I will post more videos in Part 2.

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Time Life will release two live Hank Williams’ concerts on CD in October.

One of these is the famous Sunset Park concert recorded in West Grove Pennsylvania in July 1952. This concert has been available on some websites featuring rare material, and was on You Tube until quite recently.

The second concert was recorded at Niagara Falls New York in April 1952.

The CD will also include a radio interview recorded in Spetember 1951.

The CD will officially be called: Hank Williams: The Lost Concerts Limited Collector’s Edition

Here are the track listing I took from American Songwriter website.

Niagara Falls, New York: April 25, 1952.

1.      Comedy with Hank and the Drifting Cowboys
2.      I Can’t Help It
3.      Jerry Rivers and the Drifting Cowboys: Orange Blossom Special
4.      Why Don’t You Love Me
5.      Are You Walking and A Talking
6.      The Funeral
7.      Hey Good Looking
8.      Cold, Cold Heart
9.      Lovesick Blues

Sunset Park, West Grove, PA: July 13, 1952.

10.  Introductions
11.  Hey Good Looking
12.  Comedy with Hank and the Drifting Cowboys
13.  Jerry Rivers and the Drifting Cowboys: Fire On The Mountain
14.  Lonesome Whistle
15.  Jambalaya
16.  Long Gone Lonesome Blues
17.  Half As Much
18.  I Saw The Light
19.  Lovesick Blues
20.  Interview: Hank interviewed by Mack Sanders, KFBI, Wichita, Kansas, September 14, 1951.

Thanks to Tom Lipscombe for heads up on this story.
Time Life is really big important corporation and they would never bother keeping a little blog up to date on what they are doing even though it has enthusiastically supported its previous Hank Williams’ releases and brought information about their projects to thousands  of readers.

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With ‘The Last Ride’ now having opened in some major centers including New York, reviews seem largely negative but there is one  genuine rave from a respected film critic which I have saved to the end..

Writers are quite dismissive of the script which many think, in the words of Andrew Lapin at National Public Radio is “short on actual information about Hank Williams”, and makes “Hank Williams takes a back seat” in the film. Pretty tough from an organization that is usually a Hank booster.

In a magazine called ‘Film Journal’ Daniel Egan says the “film doesn’t have much of interest about the singer”. And ‘Village Voices’ Mark Holcombe says the movie has “taken liberties with the facts”.

These writers are all concerned, along with I suppose many true Hank Williams’ fans, that the main story is really fictionalized. For example, the character who is the young teenage driver on the fatal trip  doesn’t know who Hank Williams is. There is a way too much attention on that character, played by Jesse James, according to a lot of critics. ‘The New York Times’ Jeannette Catsoulis goes so far as to call it a “low budget road movie”.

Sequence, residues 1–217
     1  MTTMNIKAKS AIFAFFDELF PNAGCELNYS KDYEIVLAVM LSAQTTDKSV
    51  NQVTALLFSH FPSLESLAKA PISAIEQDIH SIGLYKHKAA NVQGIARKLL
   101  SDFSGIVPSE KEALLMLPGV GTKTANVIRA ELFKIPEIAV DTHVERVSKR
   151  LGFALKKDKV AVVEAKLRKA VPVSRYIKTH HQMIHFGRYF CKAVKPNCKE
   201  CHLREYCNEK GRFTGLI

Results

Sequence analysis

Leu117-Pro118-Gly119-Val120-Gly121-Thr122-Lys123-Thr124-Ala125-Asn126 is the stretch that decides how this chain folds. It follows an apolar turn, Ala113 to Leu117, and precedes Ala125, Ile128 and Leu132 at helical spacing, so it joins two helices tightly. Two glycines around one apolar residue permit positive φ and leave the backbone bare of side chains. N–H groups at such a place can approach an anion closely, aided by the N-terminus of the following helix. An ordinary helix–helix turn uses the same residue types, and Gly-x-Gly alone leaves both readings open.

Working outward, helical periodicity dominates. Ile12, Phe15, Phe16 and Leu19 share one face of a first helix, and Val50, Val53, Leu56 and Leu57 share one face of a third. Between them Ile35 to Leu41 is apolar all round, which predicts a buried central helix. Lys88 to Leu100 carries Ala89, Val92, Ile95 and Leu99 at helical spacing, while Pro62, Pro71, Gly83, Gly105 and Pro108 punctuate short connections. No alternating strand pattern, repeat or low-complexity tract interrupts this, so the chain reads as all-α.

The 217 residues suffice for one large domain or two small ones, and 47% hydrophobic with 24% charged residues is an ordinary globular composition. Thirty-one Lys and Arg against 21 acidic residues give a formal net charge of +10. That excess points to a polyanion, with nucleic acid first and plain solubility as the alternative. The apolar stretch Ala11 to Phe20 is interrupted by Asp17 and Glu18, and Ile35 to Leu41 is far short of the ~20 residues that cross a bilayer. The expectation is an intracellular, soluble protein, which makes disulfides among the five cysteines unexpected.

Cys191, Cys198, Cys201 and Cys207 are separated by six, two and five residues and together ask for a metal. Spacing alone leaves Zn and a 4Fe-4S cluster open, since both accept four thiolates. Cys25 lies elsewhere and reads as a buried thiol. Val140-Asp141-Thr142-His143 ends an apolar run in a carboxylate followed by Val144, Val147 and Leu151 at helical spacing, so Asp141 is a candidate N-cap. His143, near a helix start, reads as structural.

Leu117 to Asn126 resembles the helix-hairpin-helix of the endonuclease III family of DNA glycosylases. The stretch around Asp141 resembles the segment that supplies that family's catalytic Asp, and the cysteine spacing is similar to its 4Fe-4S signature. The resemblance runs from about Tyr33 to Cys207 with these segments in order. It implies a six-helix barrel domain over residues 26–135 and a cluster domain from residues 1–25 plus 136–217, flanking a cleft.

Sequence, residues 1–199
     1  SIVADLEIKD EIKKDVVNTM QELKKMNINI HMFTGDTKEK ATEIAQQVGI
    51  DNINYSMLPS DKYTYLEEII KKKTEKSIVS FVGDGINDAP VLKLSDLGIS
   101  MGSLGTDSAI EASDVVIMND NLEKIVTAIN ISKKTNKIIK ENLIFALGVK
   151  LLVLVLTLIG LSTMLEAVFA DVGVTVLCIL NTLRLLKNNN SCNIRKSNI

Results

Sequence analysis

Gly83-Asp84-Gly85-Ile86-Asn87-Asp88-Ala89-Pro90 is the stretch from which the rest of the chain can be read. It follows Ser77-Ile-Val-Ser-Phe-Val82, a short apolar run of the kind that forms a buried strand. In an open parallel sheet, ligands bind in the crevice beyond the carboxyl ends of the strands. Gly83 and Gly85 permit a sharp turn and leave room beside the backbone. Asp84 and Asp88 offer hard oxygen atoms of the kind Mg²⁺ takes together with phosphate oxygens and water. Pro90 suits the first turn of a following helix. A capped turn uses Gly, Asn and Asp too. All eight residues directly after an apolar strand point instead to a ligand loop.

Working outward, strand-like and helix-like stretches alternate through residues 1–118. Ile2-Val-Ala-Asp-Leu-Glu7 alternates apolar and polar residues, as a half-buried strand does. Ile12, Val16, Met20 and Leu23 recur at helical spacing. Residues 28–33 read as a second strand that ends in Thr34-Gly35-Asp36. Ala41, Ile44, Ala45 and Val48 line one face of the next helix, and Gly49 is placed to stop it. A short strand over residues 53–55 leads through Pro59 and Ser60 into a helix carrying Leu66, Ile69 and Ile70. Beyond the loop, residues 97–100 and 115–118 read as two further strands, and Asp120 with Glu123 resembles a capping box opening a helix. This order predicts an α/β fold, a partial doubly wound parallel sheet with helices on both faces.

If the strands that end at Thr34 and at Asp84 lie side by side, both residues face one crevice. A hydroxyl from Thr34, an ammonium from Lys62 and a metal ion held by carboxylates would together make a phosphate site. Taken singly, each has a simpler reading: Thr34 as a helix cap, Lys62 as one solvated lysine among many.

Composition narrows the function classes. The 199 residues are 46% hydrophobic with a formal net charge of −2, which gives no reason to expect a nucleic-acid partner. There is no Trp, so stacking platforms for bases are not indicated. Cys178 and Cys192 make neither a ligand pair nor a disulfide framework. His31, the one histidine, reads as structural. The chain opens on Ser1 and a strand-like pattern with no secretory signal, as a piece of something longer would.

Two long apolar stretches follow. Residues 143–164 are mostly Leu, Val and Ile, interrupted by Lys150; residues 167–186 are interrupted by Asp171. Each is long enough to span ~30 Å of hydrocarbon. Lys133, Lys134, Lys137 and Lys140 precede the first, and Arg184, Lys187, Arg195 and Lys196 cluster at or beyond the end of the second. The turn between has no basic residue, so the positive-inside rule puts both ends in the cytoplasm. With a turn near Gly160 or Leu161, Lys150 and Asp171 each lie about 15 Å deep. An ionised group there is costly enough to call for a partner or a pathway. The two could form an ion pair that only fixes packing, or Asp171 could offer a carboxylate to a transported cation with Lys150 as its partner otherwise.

Another strong criticism and  all and  writers just hate this,it that no actual Hank Williams’ recordings are used anywhere in the movie. You never hear his voice. The soundtrack, they say, is mediocre and therefore the movie fails to explain who Hank Williams is, and how an important figure in American musical history he has become.

On the positive side, most of the reviewers I have read so far have very positive things to say about Henry Thomas’ portrayal of Hank Williams which clearly rises far above the rest of the movie and makes the best of the  weak script.

But there is one movie critic and a pretty important one who must have made the producers overjoyed. Rex Reed a famous film reviewer writing in ‘The New York Observer’ calls Thomas’ performance  “a star performance and a poignant experience”. He calls it a “fascinating film, satisfying and sincere”. But he also says the producers should have used original Hank Williams recordings.

Here are a couple of longer quotes to give you the tone of Reed’s rave review.

The Last Ride, carefully directed by Harry Thomason and skillfully written with chords and spaces for humming and breathing by Howie Klausner and Dub Cornett, hauntingly and sensitively negotiates the final three days in the life and death of a legendary character of mythic proportions, warts and all.

 The review ends with this paragraph:
Still, it’s a fascinating film that I enjoyed thoroughly. The Last Ride doesn’t come with a break-the-bank budget and full-page marketing displays, but it is well worth looking for if you’re in the mood for a movie that is captivating, an evocation of a time when the South and its music were on the cusp of change, and just a little bit different. It’s satisfying and sincere in ways most of the big-budget junk currently taking up space on summer marquees never dreamed of.

I should say that Reed accepts more of the script as being factual than some of the other critics. But beyond any doubt this is the best written review I have seen so far. The use of a quote from ‘I’m so Lonesome I Could Cry’ in the ‘New York Observer’ headline is heartbreaking.

Here is his full review. 

Here’s a direct quote from the movie that a lot of true Hank Williams’s fans will understand and appreciate. About his career and fame, the script writers have Hank say: “Not a damn bit of it matters for nothin.”

Here’s the movie website.

And finally here is a complete list of the many, many, many, posts about ‘The Last Ride’ on this humble little blog.